five questions for…

Callista Buchen
By Sara McAninch  //  Photography by Jana Jones

As a writer, Callista Buchen is no stranger to immersing herself in different places and spaces to exploring themes about which she is curious. After finishing her undergraduate degree, that curiosity has taken her from her home state of Wisconsin to Oregon, Ohio and Kansas to continue her education.

“I’ve always been curious, and there’s something about living in different places that gives you a sense of people, culture, food and who you are,” she says.

When she completed her doctorate, Buchen accepted a job at Franklin College as a professor in the English and creative writing department and settled in Indiana with her husband and daughter. Since moving to the state, they have welcomed a son. As a family, they like to play board games, work in their vegetable garden and make things.

When she’s not working at the college or with her kids, Buchen writes. It’s this act of creation that’s landed “Look Look Look,” her most recent collection of poems, on the short list for the Eugene and Marilyn Glick Authors Award, which honors the best books written by Indiana authors.

1. What do you like most about being a teacher? What’s most rewarding about your work?

I like to wear a lot of hats. Currently I do a lot of teaching, tutoring and mentoring. Most of my day is spent talking about books, writing and how reading and writing make us better people. Alongside that I’m also a poet, so I write a lot. I’m engaged in the literary community.

With teaching, everything is always new. That’s one of the greatest things about being a teacher: I’m right there with change and challenges, and what’s new for students is also what’s new for me. Being a teacher makes me constantly evaluate what I think I know, and it makes me see myself in the world differently.

2. How did you get into writing? What advice would you give to aspiring writers?

I loved to read a lot as a kid; it was important to me. I didn’t start writing until I got to college. I had some great teachers, and I found this outlet that I was looking for in poetry. When I was in the act of writing, that act of composing was the place where I felt most myself.

The best way to get better at writing is to read a lot. After that, be super persistent; it’s all about persistence. It’s not about talent, education or networking; it’s about writing when you don’t feel like it and when nobody else wants to read it. Writing is a craft.

3. Your works often deal with themes, such as gender roles, identity in relation to the body and self-awareness. For example, in 2011 you started “Look Look Look” while in the early days of motherhood. Why focus on these themes, and what have you learned about motherhood through this exploration?

All writers — and poets especially — have their obsessions and questions they’re constantly turning over. Questions of identity, such as who I am and what my place is in the world, are questions I’m really concerned with and constantly trying to figure out. I return to those themes because I haven’t figured it out yet. Once I don’t have that question anymore, then I’ll stop writing about it.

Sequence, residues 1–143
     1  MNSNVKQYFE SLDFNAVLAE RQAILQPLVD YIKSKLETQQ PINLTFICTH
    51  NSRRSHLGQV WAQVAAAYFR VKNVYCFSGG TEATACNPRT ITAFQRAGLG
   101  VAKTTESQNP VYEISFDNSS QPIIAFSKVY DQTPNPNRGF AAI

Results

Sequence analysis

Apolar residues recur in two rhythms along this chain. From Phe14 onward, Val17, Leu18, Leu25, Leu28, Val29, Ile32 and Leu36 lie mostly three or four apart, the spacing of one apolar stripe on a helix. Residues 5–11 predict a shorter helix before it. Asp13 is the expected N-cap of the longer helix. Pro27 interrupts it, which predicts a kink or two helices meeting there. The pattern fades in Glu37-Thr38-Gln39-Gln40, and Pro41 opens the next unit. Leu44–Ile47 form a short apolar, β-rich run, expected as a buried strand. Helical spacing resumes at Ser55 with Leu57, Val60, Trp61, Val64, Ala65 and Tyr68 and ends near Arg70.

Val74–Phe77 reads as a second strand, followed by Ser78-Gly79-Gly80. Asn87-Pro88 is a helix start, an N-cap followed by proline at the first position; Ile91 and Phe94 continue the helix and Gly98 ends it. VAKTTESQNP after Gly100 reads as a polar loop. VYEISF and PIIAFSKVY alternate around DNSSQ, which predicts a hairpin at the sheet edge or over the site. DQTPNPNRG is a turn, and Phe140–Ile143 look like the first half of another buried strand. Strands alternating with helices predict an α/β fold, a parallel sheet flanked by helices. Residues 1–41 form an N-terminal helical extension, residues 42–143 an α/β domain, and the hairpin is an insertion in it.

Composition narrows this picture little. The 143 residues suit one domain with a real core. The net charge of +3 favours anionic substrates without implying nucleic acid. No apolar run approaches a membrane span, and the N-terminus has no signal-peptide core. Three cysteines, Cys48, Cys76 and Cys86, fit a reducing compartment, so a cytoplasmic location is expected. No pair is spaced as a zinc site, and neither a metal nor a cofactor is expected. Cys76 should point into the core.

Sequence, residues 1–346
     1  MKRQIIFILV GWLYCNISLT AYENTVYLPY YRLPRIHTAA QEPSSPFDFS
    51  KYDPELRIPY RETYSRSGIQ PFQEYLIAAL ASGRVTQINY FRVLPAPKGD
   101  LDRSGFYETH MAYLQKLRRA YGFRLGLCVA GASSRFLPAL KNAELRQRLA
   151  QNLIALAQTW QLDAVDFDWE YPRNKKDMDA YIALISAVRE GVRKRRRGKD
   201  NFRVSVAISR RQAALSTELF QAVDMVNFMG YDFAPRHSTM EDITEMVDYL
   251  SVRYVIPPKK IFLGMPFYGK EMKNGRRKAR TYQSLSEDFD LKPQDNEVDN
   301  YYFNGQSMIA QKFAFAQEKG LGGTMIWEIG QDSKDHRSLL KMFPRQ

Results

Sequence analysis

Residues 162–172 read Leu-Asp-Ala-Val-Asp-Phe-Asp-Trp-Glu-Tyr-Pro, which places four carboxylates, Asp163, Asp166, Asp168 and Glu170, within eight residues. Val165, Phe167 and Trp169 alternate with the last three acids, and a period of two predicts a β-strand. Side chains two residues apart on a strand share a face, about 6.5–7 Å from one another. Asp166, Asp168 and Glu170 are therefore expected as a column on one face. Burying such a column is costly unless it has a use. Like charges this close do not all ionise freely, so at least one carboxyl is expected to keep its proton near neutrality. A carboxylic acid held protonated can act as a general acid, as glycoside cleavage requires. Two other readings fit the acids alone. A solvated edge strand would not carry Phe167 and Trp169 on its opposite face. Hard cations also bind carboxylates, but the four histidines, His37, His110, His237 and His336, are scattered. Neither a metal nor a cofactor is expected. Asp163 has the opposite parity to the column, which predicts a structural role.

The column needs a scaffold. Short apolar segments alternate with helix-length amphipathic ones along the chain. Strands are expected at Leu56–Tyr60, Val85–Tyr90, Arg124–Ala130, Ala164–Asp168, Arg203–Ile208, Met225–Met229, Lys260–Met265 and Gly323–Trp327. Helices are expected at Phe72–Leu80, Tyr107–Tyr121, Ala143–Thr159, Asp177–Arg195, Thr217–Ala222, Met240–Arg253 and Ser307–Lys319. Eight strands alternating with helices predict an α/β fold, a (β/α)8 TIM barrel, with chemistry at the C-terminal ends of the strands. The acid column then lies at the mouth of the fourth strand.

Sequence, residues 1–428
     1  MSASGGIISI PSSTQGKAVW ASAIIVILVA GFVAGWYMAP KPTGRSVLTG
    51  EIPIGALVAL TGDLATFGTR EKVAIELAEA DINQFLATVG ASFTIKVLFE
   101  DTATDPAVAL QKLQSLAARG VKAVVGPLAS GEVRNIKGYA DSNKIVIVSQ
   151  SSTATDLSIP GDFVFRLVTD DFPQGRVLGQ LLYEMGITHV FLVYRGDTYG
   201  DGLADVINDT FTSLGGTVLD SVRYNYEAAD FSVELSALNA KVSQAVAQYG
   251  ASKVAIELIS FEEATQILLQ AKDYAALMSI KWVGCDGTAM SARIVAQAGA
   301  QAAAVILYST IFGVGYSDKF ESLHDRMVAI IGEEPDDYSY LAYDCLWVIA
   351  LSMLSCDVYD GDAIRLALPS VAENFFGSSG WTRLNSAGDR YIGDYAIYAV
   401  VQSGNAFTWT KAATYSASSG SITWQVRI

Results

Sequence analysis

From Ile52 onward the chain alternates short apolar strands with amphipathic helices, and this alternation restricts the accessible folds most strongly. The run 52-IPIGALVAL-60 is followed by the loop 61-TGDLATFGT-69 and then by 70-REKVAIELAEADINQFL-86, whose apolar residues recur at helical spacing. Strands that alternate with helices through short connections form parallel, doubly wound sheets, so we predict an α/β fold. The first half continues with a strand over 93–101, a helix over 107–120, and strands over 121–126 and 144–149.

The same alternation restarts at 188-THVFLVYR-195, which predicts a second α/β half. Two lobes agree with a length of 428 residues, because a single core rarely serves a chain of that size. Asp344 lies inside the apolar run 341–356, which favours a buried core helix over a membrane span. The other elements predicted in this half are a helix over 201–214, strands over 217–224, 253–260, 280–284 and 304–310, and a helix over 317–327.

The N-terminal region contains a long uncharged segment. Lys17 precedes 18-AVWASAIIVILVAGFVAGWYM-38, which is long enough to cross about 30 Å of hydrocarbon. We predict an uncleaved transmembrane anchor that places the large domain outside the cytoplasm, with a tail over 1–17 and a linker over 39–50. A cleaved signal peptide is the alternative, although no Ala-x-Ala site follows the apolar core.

For “Look Look Look,” I focused on what I hadn’t learned. Becoming a parent was really challenging and a shock. My entire life changed quickly. I was warned it was going to happen, but to feel it was new.

4. Why do well-written words matter? Why is telling a story important? How can people gain inspiration to create in a world that’s always “on”?

It’s easy to get stuck in a social media loop and keep scrolling. I’m curating what I’m exploring when I’m online. When I do that, I’m able to lead myself into those pockets of inspiration through writers I follow or projects I’m working on. It’s inspiring to see other people making things and working hard at something and achieving their dreams.

For all the challenges of the virtual space and the internet, it makes stories more widely available. More people are reading poetry now, and that’s because of the internet and digital publications.

5. What do you love about living and working on the southside?

I get the best of everything. I feel like I have access to a lot of different environments and multiple communities. Something I love is that there’s a lot of artists doing great work on the southside, so I feel part of a larger community that’s also small and close-knit enough. I’ve been able to be part of it, despite not being here all that long.

The southside is a place where if you’re here, you’re in. I’ve lived in other small American towns, but in Franklin there’s a sense of belonging, a sense of “we’re in this together.” The arts are part of that; there’s a respect for and joy of experiencing art, and that’s really lovely.

To read more about Callista Buchen and to order her books, visit her website